All the buzzing of the clippers and swiveling of the green-accented Kochs 1920 barber’s chairs at 4:42 p.m. on a Friday came from the Lab Barbershop, a gentrification of a traditional barbershop that welcomes all gentleman seeking to get a fashionable, contemporary haircut.
This barbershop surpasses the salon corporations that are “too commercialized, that are just not in touch with the new gentleman look,” according to regular client James.
The barbers were covered with tattoos and had styles that ranged from hip-hop to hipster attire, from baggy shirts and jeans to printed button-ups, Vans, leather boots and suspenders.
This shop, located in the pseudo-depths of Orange County that is the LAB, “Little American Business” in Costa Mesa, supposedly receives no traffic but attracts all the hipsters that are charismatically beyond the suburbia of contemporary living.
It is a busy and nostalgic barbershop with a unique feel, and owned by Tom Galieo. There are three seats for clients in a space no longer or wider than eight feet. The wait for clients, if there has not been any prior appointment, is two hours.
In Orange County, barbershops see a variety of ethnic demographics. In Westminster and Fountain Valley, Vietnamese barbershops have become local forums for men. The language differs in each barbershop, whether it is just slang or an entirely different dialect other than English. The cuts are what control who comes in to the shop. If one were looking for a standard haircut etched on a pad displaying nine styles like a fade or flattop, local small shops that charge around $10 would be the spot to go to. For more contemporary and fashionable looks, one might be looking to invest more into a haircut and get a cut from someone who understands what an ‘undercut’ (shaved sides, long top, no blend) or what a ‘pompadour’ (hair swept upwards away from the face) is.
The Lab Barbershop is attached to the Crew Salon. The difference in names is to avoid the salon stigma, and to give off the masculine vibe of a barbershop; as well as to provide a space where men can care about their look.
Thomas Gaglio said, “I created both entities, in order to attract and keep that manly vibe that comes with getting a haircut, and a separate space for those seeking a salon rather than manly conversation and styling that captures the Lab Barbershop’s environment.”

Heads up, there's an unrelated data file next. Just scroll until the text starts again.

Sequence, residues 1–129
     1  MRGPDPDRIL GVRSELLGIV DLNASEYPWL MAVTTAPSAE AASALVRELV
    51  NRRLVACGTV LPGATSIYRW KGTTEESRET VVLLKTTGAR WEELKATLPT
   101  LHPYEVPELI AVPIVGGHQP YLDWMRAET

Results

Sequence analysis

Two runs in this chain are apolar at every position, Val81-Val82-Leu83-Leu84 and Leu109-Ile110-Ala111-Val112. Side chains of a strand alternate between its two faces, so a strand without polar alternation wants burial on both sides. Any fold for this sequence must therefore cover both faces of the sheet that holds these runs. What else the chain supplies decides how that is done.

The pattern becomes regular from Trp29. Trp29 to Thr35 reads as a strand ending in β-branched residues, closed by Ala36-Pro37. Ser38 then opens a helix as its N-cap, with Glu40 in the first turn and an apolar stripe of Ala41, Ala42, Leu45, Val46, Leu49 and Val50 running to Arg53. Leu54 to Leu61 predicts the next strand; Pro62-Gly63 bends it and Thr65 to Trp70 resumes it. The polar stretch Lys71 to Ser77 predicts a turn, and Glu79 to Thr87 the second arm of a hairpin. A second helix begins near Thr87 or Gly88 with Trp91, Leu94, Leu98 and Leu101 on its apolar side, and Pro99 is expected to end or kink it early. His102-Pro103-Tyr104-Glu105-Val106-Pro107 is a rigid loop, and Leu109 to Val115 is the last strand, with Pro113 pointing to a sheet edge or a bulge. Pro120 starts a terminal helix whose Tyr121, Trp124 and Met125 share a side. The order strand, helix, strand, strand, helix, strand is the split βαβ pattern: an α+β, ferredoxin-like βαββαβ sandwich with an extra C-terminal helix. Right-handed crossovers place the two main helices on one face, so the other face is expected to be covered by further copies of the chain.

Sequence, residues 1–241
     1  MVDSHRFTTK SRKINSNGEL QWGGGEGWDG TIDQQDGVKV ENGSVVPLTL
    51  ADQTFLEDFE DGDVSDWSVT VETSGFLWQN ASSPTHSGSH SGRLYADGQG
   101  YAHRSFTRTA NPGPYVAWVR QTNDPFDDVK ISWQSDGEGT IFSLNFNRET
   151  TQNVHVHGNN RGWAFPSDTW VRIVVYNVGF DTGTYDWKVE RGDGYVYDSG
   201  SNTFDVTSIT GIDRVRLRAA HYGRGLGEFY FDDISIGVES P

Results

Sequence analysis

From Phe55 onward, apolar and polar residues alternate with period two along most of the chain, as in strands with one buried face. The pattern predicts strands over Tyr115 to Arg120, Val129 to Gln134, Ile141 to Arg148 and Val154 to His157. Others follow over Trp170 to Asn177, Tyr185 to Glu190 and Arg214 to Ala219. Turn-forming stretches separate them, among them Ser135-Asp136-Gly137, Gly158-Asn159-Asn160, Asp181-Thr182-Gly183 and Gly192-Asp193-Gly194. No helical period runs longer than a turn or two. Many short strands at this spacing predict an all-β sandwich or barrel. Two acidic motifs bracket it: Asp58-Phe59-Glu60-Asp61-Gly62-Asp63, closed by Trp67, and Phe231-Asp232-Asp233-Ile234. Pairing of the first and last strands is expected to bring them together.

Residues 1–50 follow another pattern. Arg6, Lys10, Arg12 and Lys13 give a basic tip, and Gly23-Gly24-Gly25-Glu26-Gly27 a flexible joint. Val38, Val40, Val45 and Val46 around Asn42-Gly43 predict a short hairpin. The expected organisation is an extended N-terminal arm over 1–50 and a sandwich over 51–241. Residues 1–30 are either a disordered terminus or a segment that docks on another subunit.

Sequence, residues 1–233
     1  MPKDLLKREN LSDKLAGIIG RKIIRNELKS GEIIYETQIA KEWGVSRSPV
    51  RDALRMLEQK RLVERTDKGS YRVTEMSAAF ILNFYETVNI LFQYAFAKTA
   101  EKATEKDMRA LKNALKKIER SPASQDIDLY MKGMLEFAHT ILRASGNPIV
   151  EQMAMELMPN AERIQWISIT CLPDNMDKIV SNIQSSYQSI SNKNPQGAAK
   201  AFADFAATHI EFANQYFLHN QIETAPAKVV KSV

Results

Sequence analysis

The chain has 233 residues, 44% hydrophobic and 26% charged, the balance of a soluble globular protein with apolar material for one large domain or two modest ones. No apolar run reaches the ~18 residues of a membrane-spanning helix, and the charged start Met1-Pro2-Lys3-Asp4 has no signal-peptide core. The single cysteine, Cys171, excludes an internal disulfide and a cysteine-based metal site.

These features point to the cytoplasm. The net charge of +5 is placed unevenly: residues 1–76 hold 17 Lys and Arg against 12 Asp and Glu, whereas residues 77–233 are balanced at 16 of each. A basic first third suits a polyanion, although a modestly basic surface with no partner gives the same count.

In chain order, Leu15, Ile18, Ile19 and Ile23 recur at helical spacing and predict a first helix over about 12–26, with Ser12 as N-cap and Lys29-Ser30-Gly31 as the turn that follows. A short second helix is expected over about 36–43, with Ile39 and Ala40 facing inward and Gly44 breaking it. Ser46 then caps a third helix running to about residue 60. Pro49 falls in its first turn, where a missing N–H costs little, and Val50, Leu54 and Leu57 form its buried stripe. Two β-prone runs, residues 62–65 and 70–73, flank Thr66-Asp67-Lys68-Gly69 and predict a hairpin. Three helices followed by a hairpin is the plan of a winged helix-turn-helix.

The New York Times coins this new generation “The Barbershop Revolution,” being nostalgic for a ‘man’s place.’ The Lab Barbershop is a catalyst to this movement in Southern California.
The stylist who introduced me to the modern barbershop atmosphere and process was Long, the first person one would see when entering the shop. His station was closest to the door and was usually the first person to greet clients. He was the Long-est remaining barber out of the bunch for the Lab Barbershop since being hired in 2012.
Long, 26, is a Vietnamese barber from Fountain Valley with ‘The Connoisseur’-styled curly mustache, dark polka dotted shirt and leather boots. Just like the other barbers, his arms were covered with tattoos.
If it were not for his Vietnamese cultural roots, he probably would not even be a barber. Long would make his two-week routine visits to get a haircut from an older gentleman named Kenny who runs a Vietnamese barbershop in Westminster.
For Long, being a barber happened for one reason: his son.
“My boy was about to be born and it was not expected. So I told baby mama, I need to get a job,” he said. “I went to get a cut from Kenny the Barber and I told him my story and he sat me down and asked me what the fuck I was doing with my life, you know? He told me if I’m willing enough I can turn haircuts into a living. So, he let me observe how to cut hair and I came every day.”
“I used to give shitty haircuts in my garage to my homies. They were fucking terrible,” he said.
“I got better. I found a listing on Craigslist, emailed Tom, got an interview the next day. On the same day, he hired me and I started right away. I would do six clients a day, but in the same week, Matty [another barber at the shop] was like ‘I’m gonna go out for a bit’ and I handled more than sixteen clients that day, no clue where he went. Shit was crazy. No joke.”
Long finishes, “It’s just crazy how shit works out. Learned one day. Interview the next. Then, working just like that. No stops, breaks, training.”
Long never has to worry about a walk-in, though he will always welcome them. His clientele remains loyal to him and choose him every time after their first cut.
I knew exactly how they felt. I tried to pay Long $30 for a cut with tip before, and he just pulled the $10 bill from my hands and smiled at me. He was more concerned with my loyalty for making him my regular barber rather than the money for the haircut.